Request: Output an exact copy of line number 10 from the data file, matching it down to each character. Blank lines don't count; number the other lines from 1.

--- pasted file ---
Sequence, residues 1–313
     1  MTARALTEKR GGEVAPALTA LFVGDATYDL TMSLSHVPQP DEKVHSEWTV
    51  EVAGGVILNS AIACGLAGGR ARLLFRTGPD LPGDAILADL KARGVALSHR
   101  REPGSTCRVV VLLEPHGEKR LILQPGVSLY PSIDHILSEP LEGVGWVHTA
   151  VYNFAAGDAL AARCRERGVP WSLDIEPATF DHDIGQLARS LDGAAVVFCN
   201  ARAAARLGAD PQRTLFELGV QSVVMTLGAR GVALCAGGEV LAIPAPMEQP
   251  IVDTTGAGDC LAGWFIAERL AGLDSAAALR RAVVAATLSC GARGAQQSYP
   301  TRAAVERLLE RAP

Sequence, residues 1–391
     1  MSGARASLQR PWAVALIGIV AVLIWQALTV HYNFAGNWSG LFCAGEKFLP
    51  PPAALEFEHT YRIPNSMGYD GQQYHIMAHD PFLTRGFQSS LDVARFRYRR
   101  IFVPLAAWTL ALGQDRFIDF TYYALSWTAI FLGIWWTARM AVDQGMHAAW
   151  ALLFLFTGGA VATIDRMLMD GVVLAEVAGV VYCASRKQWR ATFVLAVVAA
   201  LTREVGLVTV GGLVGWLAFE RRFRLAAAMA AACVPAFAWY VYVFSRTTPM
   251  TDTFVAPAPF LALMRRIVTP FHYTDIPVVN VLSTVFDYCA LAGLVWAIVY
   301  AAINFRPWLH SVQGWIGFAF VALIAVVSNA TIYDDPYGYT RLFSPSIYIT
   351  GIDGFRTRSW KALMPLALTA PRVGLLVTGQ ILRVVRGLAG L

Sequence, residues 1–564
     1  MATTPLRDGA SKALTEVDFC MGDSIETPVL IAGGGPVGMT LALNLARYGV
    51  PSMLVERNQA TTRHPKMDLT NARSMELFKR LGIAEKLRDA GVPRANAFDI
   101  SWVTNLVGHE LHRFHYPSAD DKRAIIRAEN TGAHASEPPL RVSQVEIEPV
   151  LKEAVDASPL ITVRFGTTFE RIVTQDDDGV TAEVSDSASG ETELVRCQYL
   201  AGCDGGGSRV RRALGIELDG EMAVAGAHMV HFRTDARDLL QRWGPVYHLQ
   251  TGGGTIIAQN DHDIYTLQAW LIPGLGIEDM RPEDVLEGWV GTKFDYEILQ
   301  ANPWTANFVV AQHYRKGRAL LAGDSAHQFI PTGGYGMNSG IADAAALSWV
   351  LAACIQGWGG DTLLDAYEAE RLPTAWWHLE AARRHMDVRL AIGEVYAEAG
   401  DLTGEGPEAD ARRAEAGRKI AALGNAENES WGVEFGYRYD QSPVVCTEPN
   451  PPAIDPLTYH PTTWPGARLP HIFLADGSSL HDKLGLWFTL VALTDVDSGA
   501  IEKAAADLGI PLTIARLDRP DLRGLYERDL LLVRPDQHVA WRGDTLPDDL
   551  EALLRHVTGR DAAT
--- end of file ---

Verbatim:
     1  MSGARASLQR PWAVALIGIV AVLIWQALTV HYNFAGNWSG LFCAGEKFLP